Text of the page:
The crater is 2,600 ft. deep, two miles wide, and nearly seven miles across. If you’re going for sunrise (as many do), check the times for sunrise and then subtract a buffer. Anticipate strong winds and a significant drop in temperate up at the crater. While it may be bathing suit weather down by the beach, bring at least a wind jacket on the crater. If you plan to hike in this desert landscape, you will want to be dressed for cooler temperatures. Even if hiking isn’t your thing, still drive up and admire the view.
Return down to hot, humid, and frequently rainy weather and hike Pipiwai Trail to Waimoku Falls, a waterfall that cascades down 400 feet. The path to the waterfall takes you through a dense and enchanting bamboo forest.
Waihe’e Ridge Trail is an excellent hike into the West Maui Mountains offering expansive panoramic views of both mountains and sea (so long as the clouds don’t sneak in obstructing your view).
Hike over remnants from Maui’s last lava flow at La Perouse Bay. Wear sturdy, closed-toe shoes as its very rocky and many are sharp and jagged.
Road to Hana: Virtually the entirety of the ~64-mile Hana Highway that connects Kahului with the town of Hana in east Maui is through lush tropical rainforest. It’s a narrow road with curves and ~59 bridges, most of which are one-lane-wide for two-way traffic. Start the drive early as there are many places to sightsee and hike along the way. It’s typically a full-day adventure. If you’d rather sit back and soak in the scenery without worrying about navigating the tighter turns, you can book a tour to do the trip for you.
Honokalani Beach, a remote black sanded beach contrasted by turquoise waters and surrounding greenery at Wai’ānapanapa State Park; Pipiwai Trail that takes you to Waimoku Falls; Ohe’o Gulch known as Seven Sacred Pools; and Wailua Falls are just a few of the must-see stops. Pre-download (since you can expect to lose cell service) an audio tour of the Road to Hana for local tips allowing you to make the most out of the drive without missing anything.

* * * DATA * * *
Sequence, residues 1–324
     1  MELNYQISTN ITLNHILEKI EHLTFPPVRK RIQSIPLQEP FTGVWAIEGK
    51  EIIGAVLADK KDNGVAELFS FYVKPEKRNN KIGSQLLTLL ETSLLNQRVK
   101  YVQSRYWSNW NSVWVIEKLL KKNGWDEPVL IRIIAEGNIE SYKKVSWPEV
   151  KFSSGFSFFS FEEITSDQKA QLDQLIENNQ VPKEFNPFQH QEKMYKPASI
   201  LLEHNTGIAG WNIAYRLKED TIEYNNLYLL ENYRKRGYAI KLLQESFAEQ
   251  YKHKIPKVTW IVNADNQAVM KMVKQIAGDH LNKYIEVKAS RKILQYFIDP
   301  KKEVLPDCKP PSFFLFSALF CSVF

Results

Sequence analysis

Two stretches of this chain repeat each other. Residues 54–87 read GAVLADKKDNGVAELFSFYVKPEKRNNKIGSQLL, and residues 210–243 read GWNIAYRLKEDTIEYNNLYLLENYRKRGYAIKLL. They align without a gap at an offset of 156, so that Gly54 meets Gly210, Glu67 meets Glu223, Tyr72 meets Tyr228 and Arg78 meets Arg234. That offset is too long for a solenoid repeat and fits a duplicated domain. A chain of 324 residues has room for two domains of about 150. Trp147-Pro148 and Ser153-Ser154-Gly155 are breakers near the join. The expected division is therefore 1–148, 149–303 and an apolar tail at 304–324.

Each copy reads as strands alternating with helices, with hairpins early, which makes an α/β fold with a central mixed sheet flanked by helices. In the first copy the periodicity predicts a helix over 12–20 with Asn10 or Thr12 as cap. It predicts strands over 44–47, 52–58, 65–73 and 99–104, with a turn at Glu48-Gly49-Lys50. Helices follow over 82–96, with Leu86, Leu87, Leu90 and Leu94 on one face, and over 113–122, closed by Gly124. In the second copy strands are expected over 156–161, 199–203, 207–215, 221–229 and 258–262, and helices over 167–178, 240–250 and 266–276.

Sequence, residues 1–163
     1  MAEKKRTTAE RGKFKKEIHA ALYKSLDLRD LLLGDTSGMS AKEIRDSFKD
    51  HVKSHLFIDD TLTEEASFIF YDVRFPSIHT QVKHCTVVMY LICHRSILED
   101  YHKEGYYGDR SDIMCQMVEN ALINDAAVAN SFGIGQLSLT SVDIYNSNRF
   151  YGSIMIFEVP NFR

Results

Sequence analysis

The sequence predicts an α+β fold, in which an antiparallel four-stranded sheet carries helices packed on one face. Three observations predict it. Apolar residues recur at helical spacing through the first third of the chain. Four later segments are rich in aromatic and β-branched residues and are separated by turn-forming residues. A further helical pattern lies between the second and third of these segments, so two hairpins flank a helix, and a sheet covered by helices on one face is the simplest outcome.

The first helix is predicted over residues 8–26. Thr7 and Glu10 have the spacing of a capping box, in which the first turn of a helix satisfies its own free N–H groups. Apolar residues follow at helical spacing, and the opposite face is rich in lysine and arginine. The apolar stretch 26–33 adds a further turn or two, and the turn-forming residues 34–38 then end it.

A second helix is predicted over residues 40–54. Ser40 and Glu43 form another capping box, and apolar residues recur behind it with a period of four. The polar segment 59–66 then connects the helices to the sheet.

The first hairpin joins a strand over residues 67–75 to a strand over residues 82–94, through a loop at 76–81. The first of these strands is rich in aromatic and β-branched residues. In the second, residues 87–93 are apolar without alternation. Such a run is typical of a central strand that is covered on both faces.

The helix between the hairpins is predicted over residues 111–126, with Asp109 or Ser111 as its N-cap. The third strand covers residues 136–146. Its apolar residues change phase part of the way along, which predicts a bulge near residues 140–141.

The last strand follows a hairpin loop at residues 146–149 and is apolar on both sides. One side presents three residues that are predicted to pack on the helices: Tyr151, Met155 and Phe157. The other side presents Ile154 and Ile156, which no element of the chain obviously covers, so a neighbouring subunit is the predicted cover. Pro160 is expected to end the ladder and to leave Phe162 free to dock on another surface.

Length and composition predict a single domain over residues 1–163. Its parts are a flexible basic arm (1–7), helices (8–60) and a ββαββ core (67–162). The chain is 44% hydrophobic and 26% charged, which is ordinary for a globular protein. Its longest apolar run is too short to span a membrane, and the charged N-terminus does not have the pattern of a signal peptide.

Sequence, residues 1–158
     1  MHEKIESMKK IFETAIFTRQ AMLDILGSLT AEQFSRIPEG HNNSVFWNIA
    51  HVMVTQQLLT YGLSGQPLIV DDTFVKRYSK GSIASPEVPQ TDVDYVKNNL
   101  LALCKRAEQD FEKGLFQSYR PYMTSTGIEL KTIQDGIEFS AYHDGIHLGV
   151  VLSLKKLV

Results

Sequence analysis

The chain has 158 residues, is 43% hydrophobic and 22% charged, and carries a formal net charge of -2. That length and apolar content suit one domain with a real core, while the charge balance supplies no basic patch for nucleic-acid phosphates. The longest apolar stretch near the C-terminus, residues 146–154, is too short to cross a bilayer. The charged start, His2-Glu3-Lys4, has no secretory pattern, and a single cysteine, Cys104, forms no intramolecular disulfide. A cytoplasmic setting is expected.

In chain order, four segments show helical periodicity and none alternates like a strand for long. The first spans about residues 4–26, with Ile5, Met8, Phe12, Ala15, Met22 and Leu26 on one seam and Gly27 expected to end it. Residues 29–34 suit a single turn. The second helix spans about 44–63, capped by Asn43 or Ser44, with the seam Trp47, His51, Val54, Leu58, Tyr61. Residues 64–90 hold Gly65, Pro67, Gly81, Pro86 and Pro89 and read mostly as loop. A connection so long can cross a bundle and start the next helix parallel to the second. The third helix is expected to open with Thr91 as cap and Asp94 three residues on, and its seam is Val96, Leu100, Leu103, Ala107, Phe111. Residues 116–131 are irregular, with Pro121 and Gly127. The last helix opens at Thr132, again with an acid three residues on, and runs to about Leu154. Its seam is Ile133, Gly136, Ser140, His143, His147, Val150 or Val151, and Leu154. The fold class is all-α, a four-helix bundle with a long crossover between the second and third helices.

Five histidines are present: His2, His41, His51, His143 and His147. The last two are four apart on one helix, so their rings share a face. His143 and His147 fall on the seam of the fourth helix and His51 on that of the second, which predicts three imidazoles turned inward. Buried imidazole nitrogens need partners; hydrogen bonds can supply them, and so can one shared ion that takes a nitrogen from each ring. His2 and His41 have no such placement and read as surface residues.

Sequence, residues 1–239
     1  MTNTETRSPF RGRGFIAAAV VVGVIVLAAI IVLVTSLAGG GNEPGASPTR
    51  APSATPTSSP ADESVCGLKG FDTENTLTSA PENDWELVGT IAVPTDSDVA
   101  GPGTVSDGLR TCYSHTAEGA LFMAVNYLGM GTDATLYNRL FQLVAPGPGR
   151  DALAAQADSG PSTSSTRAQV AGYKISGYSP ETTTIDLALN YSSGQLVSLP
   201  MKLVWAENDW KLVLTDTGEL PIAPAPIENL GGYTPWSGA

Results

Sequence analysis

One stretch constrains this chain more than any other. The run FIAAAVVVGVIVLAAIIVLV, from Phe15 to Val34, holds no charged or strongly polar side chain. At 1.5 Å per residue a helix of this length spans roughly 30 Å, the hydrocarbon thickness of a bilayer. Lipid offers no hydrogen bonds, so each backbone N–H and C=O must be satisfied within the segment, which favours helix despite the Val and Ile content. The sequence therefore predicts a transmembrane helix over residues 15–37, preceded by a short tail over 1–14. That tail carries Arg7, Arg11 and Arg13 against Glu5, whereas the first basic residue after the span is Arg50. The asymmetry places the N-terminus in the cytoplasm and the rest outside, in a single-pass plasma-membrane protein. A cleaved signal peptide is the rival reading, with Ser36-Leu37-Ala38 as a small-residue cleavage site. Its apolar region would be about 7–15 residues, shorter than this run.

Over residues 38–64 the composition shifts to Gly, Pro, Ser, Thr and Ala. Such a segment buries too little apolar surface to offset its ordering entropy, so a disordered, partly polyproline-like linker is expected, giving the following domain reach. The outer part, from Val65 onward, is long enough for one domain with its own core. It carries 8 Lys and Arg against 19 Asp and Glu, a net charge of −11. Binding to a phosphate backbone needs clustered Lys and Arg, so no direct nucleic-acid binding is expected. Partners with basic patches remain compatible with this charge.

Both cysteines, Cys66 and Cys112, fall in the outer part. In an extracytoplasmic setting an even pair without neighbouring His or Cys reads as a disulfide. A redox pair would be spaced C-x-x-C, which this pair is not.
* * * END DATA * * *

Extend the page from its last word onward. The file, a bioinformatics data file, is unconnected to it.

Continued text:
West Maui Circle Drive: While the Hana Highway tends to be the most popular for its spectacular scenery, many may find the views along the less-traveled West Maui Circle Drive to be even more incredible. Twisty and narrow roads passing over steep cliffs with few guard rails make this route intimidating. This route is not for the faint of heart and should only be taken by those confident in their driving skills. If time permits and you are, give both drives a try.
Winetraveler Tip: Be prepared for windy narrow roads around cliffs, and thus the drive time will be longer than expected. Be cautious and don’t speed.
Visit the Iao Valley State Park to learn about the history of the area and witness the lush tropical flora and the recognizable landmark, the Iao Needle. This “needle” that appears to be an emerald green spire was formed by a volcanic remnant that is now densely covered in vegetation.
Enjoy a delicious Hawaiian meal with signature cocktails while being swept away by a traditional Polynesian Lu’au experience at Wailele Lu’au that includes vibrant costumes and fire-knife dancers. It is located at the Westin Maui Resort and Spa’s Aloha Pavilion. For those staying at the hotel, don’t feel guilty about drinking that extra mai tai since you can walk back to your room.